The 2018 Wayfair ruling set the stage for states to begin taxing remote sales based on economic nexus. Now, having a physical presence in a state is no longer the only qualifier for collecting sales tax. Advisors and CPAs need to know how sales tax rules have changed and what those changes mean for their clients in order to better serve them. Having a thorough understanding of sales tax rules can help accountants save their clients from fees and penalties that may come from sales and use tax noncompliance.
If businesses sell using an e-commerce platform, they’re responsible for determining when they trigger economic nexus in a state, registering with the state, and collecting and remitting sales tax on sales in that state. Depending on the jurisdiction, economic nexus can be established either by having a certain number of transactions in a state or exceeding a dollar amount of revenue from sales in that state.
Because each state has its own economic nexus criteria, identifying whether economic nexus has been established is easier said than done. It’s a lot of work that takes careful attention and time. This creates a significant compliance risk for remote sellers that could cause tax-related problems and penalties down the road.
After the Wayfair ruling, the threshold that determines whether or not a business has economic nexus in a jurisdiction changed. Now, most states follow South Dakota’s economic nexus threshold, requiring remote sellers with sales of $100,000 or more or over 200 separate transactions to pay taxes. Some states have alternative thresholds, though keep in mind that these are liable to change yearly:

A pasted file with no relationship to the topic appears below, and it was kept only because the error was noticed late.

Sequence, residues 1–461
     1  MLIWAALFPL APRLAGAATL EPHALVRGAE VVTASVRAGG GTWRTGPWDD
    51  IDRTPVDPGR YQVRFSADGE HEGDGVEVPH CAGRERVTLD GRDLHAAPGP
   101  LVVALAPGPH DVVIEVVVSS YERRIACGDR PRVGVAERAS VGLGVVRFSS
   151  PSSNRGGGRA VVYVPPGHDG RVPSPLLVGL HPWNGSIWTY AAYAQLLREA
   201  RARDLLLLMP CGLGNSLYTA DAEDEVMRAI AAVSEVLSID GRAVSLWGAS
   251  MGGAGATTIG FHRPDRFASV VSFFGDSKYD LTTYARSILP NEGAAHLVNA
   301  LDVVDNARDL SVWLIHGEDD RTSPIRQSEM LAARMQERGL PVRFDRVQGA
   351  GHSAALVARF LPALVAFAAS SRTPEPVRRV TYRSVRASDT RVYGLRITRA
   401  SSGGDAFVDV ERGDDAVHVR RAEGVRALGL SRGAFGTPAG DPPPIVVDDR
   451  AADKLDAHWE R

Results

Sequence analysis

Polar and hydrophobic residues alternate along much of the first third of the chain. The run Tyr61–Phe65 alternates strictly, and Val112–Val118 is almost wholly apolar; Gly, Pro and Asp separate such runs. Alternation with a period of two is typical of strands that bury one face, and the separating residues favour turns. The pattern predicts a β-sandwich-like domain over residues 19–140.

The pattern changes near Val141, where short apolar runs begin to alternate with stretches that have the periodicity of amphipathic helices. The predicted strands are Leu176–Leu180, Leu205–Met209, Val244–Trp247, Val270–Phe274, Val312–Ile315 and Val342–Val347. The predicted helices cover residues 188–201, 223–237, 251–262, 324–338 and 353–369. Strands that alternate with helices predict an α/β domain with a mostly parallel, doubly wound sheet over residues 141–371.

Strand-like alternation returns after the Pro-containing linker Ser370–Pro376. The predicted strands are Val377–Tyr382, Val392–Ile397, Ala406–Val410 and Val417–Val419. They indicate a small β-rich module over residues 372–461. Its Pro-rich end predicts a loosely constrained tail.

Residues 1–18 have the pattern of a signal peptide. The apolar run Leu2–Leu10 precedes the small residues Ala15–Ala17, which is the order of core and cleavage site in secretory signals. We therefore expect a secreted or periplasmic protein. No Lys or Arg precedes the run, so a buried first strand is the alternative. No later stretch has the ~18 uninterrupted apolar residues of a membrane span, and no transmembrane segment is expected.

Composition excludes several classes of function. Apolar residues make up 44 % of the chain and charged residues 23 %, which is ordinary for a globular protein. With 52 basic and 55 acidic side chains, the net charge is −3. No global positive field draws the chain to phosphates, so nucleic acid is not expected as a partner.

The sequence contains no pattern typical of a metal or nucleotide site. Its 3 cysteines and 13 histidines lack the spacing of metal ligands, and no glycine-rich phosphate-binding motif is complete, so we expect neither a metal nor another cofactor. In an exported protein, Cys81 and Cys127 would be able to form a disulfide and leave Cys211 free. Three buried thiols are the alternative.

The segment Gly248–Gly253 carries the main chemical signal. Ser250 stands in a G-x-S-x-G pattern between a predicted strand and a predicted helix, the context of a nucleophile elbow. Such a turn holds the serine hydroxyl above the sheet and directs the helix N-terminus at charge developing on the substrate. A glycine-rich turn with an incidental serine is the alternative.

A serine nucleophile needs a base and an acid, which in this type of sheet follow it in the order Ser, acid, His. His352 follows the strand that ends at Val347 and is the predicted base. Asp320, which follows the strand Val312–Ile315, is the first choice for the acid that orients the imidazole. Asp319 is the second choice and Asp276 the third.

It’s critical for online business owners–even if they only dabble in e-commerce in addition to their brick-and-mortar business– to know whether or not they qualify for physical nexus, economic nexus, or both. It’s easy for businesses to get confused, especially if they aren’t perfectly organized and sell online in multiple states. The best way for businesses to be sure about their nexus status is to work with an accountant or tax advisor. Working with a professional can help save companies from fines and penalties that may result from noncompliance.
Businesses that aren’t compliant with economic nexus laws could be subject to fines, penalties, and sales tax audits from multiple jurisdictions. Companies should monitor their status on a quarterly basis because some states implement nexus throughout the year, not just annually.
A failure to file can be unintentional, but it’s common, despite being easily avoided. Ignoring or dismissing nexus rules can result in civil and criminal statutes. Civil statutes mainly apply to a failure to file and a failure to pay. A failure to file and failure to pay are considered two separate violations, so businesses can potentially end up with two penalties ranging from 1 to 25 percent of the sales tax they owe—which can be sizable. Finally, criminal penalties can occur if a company fails to pay taxes with the clear intent of evading payment, or if sales tax has been collected but not remitted to the respective jurisdictions.
Fines and penalties can easily be avoided by businesses if they are willing to learn how to become sales and use tax compliant, but navigating the myriad of sales tax laws across every taxing jurisdiction is resource-intensive and unnecessarily burdensome. The patchwork of rules, rates, exemptions, forms, and filing deadlines can make manual compliance a full-time job.
With the right advisor and technology, it’s easier for companies to remove a substantial part of the sales tax compliance burden. LumaTax makes it easy for CPAs and advisors to deliver SUT compliance profitably and at scale. Our software identifies whether or not nexus has been reached and how to move forward in the best way.